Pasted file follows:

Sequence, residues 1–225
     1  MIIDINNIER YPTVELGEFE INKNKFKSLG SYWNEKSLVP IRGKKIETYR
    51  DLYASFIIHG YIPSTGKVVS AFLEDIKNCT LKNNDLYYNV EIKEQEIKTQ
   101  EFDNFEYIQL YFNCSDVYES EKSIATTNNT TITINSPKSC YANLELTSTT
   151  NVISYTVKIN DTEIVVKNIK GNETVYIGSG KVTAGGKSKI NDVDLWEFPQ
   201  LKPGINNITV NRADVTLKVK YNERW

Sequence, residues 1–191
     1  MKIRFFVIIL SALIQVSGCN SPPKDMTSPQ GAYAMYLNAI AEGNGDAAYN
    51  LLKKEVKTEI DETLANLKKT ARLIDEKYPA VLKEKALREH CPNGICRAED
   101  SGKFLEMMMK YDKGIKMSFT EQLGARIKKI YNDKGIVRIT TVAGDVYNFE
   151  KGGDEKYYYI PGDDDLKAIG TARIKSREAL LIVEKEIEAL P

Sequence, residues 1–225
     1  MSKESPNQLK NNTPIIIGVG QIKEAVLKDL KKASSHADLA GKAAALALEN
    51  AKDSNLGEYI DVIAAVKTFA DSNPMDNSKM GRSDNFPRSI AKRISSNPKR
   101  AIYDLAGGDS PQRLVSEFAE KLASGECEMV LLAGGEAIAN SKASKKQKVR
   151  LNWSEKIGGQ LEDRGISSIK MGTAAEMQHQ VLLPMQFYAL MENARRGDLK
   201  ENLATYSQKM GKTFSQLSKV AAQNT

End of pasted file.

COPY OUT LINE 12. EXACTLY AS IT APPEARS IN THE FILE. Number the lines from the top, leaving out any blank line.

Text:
Sequence, residues 1–225